In a nutshell, Phrazer does much of what Acid does, enabling the user to build songs from sampled loops and phrases which are processed on arrival to allow their pitch and tempo to be changed freely. Effects can be added, and mixer controls allow level, pan and so on to be set. One significant difference between Phrazer and Acid is that the Bitheadz program can actually record and edit samples: Acid Pro comes with a copy of Sound Forge for sampling and editing, but has no sampling or editing routines itself.

The beauty of a program like Phrazer for people who use a lot of loops is that it takes the donkey work out of making them run together. Phrazer can insert 'split points' into samples automatically, usually on rhythmically significant peaks, to allow audio to be stretched or squashed to fit a new tempo, and pitch is also manipulated automatically. With little user input, samples originally recorded at different pitches and tempos will play back at a single master key and tempo in one Song. The processing required is not always sonically transparent, but it's fast and easy.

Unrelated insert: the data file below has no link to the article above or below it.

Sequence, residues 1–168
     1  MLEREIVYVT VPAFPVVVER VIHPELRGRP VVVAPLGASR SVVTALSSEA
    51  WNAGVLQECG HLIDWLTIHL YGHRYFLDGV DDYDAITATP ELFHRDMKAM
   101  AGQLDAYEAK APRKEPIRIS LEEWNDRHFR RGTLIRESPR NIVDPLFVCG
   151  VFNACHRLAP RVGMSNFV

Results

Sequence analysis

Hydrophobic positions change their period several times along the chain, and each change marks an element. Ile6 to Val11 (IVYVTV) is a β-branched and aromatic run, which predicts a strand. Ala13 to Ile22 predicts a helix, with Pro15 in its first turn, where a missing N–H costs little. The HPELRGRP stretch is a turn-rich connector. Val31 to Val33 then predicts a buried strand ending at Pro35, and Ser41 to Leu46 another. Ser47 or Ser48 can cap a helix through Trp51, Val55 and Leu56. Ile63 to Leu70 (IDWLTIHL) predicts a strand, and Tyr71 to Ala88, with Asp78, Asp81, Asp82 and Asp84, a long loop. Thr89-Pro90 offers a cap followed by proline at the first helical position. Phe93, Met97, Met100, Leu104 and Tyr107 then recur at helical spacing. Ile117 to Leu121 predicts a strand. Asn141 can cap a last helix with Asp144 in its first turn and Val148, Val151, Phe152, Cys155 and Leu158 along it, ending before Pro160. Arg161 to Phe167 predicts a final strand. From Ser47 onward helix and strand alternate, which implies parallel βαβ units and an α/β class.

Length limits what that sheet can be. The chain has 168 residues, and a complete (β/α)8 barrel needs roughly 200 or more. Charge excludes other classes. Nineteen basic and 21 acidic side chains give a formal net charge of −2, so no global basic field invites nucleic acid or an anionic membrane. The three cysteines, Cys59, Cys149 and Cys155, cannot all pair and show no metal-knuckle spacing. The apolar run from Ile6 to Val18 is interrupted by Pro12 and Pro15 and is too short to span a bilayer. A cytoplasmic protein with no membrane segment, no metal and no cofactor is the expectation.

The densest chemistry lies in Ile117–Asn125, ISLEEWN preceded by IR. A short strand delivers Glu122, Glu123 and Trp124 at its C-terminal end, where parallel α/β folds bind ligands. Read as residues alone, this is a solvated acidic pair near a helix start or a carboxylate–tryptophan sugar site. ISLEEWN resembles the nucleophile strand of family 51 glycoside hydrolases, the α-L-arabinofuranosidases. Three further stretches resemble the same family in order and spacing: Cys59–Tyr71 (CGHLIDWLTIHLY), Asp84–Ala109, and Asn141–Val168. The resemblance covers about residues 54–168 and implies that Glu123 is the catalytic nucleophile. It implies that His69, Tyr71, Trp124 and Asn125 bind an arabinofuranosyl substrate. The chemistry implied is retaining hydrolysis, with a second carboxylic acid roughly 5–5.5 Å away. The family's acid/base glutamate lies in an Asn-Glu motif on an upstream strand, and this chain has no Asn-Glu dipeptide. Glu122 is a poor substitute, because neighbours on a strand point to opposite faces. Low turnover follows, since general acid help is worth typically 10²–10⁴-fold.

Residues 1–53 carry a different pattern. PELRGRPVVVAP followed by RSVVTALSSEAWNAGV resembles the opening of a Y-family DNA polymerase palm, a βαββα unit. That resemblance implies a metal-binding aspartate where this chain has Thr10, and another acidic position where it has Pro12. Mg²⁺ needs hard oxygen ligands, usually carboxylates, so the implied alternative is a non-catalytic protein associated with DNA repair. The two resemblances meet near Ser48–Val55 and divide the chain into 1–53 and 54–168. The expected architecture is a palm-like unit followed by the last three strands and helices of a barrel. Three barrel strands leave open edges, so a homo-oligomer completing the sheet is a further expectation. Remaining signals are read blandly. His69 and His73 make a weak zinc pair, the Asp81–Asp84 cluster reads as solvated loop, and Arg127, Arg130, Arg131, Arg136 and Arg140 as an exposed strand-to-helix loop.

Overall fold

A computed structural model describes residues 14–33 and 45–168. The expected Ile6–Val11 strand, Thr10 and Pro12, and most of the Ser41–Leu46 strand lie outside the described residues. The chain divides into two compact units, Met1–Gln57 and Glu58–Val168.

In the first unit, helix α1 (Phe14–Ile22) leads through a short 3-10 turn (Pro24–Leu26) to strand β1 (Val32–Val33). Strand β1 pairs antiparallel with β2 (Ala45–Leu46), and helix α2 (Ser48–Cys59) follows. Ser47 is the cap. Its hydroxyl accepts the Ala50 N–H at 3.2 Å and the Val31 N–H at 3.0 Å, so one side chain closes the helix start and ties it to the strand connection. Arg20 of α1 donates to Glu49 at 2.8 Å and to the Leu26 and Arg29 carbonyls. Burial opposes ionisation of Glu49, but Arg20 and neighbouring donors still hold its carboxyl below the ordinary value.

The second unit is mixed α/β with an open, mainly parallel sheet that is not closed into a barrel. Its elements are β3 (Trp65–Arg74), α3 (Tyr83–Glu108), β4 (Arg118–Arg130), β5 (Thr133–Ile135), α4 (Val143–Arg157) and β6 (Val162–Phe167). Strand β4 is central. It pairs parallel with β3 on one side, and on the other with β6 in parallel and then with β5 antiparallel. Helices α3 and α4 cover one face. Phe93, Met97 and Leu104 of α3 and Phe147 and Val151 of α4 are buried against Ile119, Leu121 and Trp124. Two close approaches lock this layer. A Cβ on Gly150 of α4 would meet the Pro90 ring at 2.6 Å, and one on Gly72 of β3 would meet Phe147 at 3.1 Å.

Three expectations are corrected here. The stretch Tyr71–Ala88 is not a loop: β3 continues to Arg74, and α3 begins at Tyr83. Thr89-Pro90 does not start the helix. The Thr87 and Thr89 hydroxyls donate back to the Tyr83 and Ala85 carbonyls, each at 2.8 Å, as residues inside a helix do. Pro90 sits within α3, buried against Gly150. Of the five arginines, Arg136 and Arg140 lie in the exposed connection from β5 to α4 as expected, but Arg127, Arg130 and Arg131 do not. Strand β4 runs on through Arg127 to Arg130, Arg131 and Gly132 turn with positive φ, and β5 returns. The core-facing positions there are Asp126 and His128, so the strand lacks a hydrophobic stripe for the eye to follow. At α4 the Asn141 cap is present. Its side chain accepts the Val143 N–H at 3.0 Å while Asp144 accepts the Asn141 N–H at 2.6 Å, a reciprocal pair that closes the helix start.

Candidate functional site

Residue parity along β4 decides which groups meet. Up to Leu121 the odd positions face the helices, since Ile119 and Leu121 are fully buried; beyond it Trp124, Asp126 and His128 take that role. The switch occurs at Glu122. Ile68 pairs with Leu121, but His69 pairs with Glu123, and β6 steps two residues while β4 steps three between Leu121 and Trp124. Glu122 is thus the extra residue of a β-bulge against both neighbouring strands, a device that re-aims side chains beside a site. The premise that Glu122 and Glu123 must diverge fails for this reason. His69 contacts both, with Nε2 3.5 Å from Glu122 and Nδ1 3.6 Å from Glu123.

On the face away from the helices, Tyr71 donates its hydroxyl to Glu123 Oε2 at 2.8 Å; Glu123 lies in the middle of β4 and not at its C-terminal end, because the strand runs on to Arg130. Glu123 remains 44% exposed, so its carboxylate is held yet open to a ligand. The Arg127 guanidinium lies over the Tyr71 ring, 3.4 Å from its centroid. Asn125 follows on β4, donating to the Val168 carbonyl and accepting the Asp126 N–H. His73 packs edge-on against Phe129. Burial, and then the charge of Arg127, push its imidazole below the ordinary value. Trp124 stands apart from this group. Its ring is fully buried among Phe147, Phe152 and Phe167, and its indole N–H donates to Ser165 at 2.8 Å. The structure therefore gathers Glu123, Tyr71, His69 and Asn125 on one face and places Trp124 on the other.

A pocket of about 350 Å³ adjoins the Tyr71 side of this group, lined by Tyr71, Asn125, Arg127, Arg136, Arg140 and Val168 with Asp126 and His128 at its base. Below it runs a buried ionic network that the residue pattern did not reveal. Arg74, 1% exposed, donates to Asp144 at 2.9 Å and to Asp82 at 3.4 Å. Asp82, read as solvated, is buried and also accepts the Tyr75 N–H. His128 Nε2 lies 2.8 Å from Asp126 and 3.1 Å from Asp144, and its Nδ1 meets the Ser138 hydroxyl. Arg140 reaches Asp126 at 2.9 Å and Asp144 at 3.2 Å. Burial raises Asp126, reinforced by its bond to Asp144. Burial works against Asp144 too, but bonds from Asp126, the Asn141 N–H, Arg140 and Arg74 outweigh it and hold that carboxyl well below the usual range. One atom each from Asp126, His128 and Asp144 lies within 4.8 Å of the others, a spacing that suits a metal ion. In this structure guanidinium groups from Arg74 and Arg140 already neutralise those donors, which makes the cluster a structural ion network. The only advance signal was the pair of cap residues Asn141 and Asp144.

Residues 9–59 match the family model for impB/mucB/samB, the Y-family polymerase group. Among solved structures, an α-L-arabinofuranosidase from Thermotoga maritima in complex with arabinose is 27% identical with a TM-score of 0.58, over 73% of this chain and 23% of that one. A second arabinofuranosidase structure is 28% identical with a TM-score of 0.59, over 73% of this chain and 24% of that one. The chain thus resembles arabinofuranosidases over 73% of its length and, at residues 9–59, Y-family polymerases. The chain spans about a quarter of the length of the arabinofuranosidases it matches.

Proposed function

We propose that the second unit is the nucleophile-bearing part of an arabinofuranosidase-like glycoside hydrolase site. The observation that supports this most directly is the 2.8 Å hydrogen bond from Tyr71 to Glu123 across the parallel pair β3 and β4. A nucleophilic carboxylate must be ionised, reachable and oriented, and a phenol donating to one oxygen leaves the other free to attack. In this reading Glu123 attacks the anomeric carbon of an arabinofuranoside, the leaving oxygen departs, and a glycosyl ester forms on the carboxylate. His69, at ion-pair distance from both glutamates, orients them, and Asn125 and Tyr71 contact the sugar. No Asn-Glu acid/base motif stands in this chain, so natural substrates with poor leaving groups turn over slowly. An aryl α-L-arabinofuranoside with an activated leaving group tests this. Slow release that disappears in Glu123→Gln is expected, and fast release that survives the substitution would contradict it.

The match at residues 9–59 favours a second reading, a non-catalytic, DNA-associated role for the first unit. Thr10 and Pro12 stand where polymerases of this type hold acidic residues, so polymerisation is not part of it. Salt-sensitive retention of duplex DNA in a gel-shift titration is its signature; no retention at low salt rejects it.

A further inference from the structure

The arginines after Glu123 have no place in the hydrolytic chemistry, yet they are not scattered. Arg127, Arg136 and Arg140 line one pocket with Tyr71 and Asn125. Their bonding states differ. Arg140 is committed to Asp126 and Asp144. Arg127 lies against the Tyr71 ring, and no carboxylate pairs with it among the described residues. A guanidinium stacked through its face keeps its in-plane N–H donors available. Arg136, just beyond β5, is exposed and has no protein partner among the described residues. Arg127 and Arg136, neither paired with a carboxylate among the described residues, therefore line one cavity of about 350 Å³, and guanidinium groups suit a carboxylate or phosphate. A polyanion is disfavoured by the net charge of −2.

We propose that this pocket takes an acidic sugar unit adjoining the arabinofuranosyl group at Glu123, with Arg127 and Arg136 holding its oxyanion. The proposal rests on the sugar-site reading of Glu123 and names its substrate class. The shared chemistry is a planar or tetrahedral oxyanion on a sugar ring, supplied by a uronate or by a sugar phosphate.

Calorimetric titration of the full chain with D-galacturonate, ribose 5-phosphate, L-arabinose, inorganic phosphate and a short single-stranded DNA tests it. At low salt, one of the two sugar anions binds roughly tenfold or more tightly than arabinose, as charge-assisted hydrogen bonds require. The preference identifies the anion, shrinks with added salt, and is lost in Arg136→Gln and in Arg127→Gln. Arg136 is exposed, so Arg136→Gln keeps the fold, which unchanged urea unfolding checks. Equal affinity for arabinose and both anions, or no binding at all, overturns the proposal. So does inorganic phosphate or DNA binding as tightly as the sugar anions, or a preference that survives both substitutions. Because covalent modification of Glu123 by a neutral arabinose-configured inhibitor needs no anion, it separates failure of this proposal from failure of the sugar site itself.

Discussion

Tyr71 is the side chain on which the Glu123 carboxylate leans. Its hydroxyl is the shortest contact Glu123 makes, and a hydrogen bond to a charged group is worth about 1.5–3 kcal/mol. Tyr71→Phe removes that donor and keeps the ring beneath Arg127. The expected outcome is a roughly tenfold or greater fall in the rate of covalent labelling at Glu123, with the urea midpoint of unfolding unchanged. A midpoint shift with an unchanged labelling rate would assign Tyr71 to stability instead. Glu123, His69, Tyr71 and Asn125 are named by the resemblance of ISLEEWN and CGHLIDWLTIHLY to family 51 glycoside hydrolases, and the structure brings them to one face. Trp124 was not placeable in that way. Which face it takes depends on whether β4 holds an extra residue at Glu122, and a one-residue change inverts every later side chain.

Phrazer Elements

From top left, to right, clockwise: The Mixer palette, offering level controls, pan pots and bar‑graph metering for each Phrazer track; the Files palette, from which any sample on a drive attached to the host computer can be dragged; the Tools palette, offering instant mouse access to a handful of editing and control functions; the Transport palette, with tape‑like transport controls and 'record‑to‑disk' icon; the MIDI palette, showing incoming MIDI activity; and the Engine palette, providing visual feedback on how hard your computer is working while running Phrazer.From top left, to right, clockwise: The Mixer palette, offering level controls, pan pots and bar‑graph metering for each Phrazer track; the Files palette, from which any sample on a drive attached to the host computer can be dragged; the Tools palette, offering instant mouse access to a handful of editing and control functions; the Transport palette, with tape‑like transport controls and 'record‑to‑disk' icon; the MIDI palette, showing incoming MIDI activity; and the Engine palette, providing visual feedback on how hard your computer is working while running Phrazer.